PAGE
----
1. I think you'd like it, being a fan of brioche and breads? The sun is shining here and it's a beautiful week. Hope the same is true for you.

      Delete
  7. These waffles look fantastic, Monica. And addition of Belgian pearl sugar makes them more intriguing!

    Anu - My Ginger Garlic Kitchen
    http://www.mygingergarlickitchen.com/

    ReplyDelete
    Replies
    1. That sugar just caramelizes and it's key. A treat for sure.

      Delete
  8. Your waffles look perfect! Instead of soup for lunch you make me want to grab my waffle maker and get cooking! Thanks for this "going to make soon" weekend recipe!

    ReplyDelete
    Replies
    1. Hi Pamela - same here...I keep thinking we're going to have waffles for dinner one night this week! Enjoy this awesome weather!

      Delete
  9. These look incredible, Monica! I love all the waffle recipes you are sharing - I've never tried liege waffles before. I am completely smitten with how fluffy and thick these are! The pearl sugar sounds amazing too!

    ReplyDelete
    Replies
    1. Hi Kelly! They are so different from regular waffles. I guess it's just like having brioche super caramelized and with a unique texture. It's kind of crazy using all that sugar in here but it works. : ) Hope you're having a great week.

      Delete
  10. Hi Monica, I received a waffle maker for Christmas and only made waffles once, mine were only crispy on one side, love that the sugar crisps up the waffle will be trying this.

    ReplyDelete
    Replies
    1. I love a solid crisp on the outside/soft on the inside waffle. These are totally different and good in its own way...probably more of an occasional treat but I have wanted to try it for so long. Hope you put your waffle maker to use soon!

      Delete
  11. WOW! This sounds amazingly delicious Monica :-) This sugar is something new to me. Thank you for such a lovely share.

    ReplyDelete
  12. Oh Wow Monica! What a chef you are... Each time I was in Brussels I had their wonderful waffles... yours looks pretty much the same. You really should visit this city you will ADORE (you can find tons of tips in my little corner). Have a lovely day and thanks for sharing.

    ReplyDelete
    Replies
    1. No chef here but I love learning something new and realizing we can all make these things at home with pretty good results. : ) I will definitely check out your Brussels tips. I would love, love, love to go one day. Thanks!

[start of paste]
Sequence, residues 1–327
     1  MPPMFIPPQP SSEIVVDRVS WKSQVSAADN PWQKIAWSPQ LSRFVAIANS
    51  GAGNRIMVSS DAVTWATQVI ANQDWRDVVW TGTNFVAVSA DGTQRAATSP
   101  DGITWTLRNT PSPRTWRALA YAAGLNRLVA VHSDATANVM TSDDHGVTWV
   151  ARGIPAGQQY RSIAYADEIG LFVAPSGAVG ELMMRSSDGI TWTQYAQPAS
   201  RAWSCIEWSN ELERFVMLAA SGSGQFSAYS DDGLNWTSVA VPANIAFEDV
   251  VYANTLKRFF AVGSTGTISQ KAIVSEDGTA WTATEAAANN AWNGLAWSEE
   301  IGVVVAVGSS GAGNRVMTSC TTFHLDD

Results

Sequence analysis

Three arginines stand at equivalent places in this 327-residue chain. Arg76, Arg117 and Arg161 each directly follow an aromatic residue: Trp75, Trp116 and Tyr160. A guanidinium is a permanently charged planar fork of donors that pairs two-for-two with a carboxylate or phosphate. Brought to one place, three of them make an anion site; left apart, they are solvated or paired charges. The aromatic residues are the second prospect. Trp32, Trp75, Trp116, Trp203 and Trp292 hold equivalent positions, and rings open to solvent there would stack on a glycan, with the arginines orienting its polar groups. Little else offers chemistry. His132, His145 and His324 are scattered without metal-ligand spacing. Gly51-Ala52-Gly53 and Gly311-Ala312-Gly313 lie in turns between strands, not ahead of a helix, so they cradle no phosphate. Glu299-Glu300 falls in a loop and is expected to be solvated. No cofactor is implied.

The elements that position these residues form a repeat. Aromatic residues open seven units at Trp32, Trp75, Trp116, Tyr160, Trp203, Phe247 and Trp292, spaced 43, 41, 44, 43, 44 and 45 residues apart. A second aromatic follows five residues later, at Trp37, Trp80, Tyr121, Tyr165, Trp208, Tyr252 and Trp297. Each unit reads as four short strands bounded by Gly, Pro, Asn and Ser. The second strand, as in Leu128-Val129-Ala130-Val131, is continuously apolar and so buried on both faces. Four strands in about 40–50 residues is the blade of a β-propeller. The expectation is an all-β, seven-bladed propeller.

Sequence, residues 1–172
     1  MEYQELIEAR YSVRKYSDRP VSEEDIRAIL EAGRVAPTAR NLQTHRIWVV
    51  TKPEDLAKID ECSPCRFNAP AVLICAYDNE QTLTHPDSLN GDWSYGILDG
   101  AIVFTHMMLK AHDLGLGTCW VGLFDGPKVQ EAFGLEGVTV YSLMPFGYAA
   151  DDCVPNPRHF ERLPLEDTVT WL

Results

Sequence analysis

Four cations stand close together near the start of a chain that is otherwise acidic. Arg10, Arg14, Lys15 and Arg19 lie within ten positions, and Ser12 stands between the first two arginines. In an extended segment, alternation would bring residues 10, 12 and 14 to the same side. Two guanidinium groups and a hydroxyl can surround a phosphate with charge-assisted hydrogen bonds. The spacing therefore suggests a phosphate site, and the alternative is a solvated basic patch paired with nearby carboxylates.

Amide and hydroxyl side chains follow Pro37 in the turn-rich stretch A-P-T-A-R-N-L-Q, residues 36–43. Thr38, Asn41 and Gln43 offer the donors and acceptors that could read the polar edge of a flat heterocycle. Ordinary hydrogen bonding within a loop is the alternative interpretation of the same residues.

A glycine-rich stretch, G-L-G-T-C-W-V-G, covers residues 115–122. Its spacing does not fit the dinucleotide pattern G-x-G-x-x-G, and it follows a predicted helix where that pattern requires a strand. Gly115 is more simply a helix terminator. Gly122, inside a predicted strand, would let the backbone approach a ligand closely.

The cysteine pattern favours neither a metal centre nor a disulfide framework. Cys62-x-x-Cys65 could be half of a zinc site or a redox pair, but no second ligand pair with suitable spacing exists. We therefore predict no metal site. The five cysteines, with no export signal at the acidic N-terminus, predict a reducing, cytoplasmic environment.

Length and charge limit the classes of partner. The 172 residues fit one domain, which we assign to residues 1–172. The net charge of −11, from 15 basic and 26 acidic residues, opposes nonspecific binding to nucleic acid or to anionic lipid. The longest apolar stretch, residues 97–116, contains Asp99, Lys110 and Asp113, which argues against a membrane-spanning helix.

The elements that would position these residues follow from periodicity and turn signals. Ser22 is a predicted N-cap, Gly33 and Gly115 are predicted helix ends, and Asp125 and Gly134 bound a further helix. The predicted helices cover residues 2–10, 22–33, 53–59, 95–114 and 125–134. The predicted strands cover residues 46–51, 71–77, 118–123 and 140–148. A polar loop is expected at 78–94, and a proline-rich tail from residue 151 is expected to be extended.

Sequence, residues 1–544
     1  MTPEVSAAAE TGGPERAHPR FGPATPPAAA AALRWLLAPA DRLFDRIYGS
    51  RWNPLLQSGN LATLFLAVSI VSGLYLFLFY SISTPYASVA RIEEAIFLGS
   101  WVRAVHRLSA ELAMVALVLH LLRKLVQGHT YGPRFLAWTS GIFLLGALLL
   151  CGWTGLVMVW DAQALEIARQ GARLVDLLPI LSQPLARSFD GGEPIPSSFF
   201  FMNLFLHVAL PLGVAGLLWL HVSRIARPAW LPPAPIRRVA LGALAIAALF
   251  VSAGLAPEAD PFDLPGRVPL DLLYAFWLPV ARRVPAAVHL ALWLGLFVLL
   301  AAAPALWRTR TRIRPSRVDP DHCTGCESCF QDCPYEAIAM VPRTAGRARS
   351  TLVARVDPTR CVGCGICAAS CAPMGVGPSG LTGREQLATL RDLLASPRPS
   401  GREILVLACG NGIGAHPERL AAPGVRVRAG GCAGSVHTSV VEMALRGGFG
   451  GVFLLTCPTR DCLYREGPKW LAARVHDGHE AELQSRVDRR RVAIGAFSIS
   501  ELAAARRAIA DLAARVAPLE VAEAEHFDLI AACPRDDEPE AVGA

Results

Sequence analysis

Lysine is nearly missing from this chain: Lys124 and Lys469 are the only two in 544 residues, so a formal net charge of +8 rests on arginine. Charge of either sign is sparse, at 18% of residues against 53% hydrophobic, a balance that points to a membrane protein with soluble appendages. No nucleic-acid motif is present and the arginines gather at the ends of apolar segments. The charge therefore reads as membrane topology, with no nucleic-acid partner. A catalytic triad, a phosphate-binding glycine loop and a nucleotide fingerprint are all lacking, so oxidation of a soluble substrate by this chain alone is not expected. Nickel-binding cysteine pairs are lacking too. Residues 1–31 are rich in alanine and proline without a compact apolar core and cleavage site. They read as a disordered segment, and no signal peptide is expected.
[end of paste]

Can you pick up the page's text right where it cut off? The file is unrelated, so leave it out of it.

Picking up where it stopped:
Delete
  13. Sitting in an airport looking at these and I want them so bad!!

    ReplyDelete
    Replies
    1. Thanks and enjoy your trip! I'm sure you will eat very well! : )

      Delete
  14. Oh no you have just convinced me to add waffle machine to my wishlist! These waffles look so delicious!

    ReplyDelete
    Replies
    1. haha - I love how you said "oh no..." I totally get it. ; )

      Delete
  15. Beautiful and yumm recipe http://www.mumbaitomelbourne.com/food-and-health-blog-posts/mexican-mint-and-ginger-prawn-skewers-with-black-bean-salad

    ReplyDelete
  16. I am fascinated by this recipe! I've never heard of them but they sound perfect. I absolutely love the fact that they include yeast. Thank you so much for sharing this recipe - I've gotta try it!

    ReplyDelete
    Replies
    1. So glad you find it interesting. Somehow, you manage to make me feel useful, Tricia, so thank you. ; )

      Delete
  17. These look SO good! Something I have never made at home and I really should do!

    ReplyDelete
    Replies
    1. It's so fun to make it happen at home. Thanks, Caroline!

      Delete
  18. Oh I love love the kind of waffles which includes yeast. They are the best. You really are such a great cook. They look fluffy and perfect. Great one my friend.
    Hope you are having a great week so far.
    xx

    ReplyDelete
    Replies
    1. Yes, things with yeast have so much flavor and the texture is also a whole different story. It has been a beautiful week here, very warm! Loving it! Hope you are doing great!

      Delete
  19. Nommmm.... These are really awesome, Monica! Chocolate sauce and fresh berries... How about adding a scoop of vanilla ice cream? A heavenly dessert! :P

    ReplyDelete
    Replies
    1. Thanks - it was fun to make something different. And ice cream?! That would make it all the better! Gotta try it now. haha

      Delete
  20. Wow! What a treat, it looks like your liege waffles turned out great! I love the way you describe the brioche dough studded with pearl sugar. What a mouth-watering treat!

    ReplyDelete
    Replies
    1. Making these was a fun experience; I think they turned out well. : )

      Delete

LinkWithin

Related Posts Plugin for WordPress, Blogger...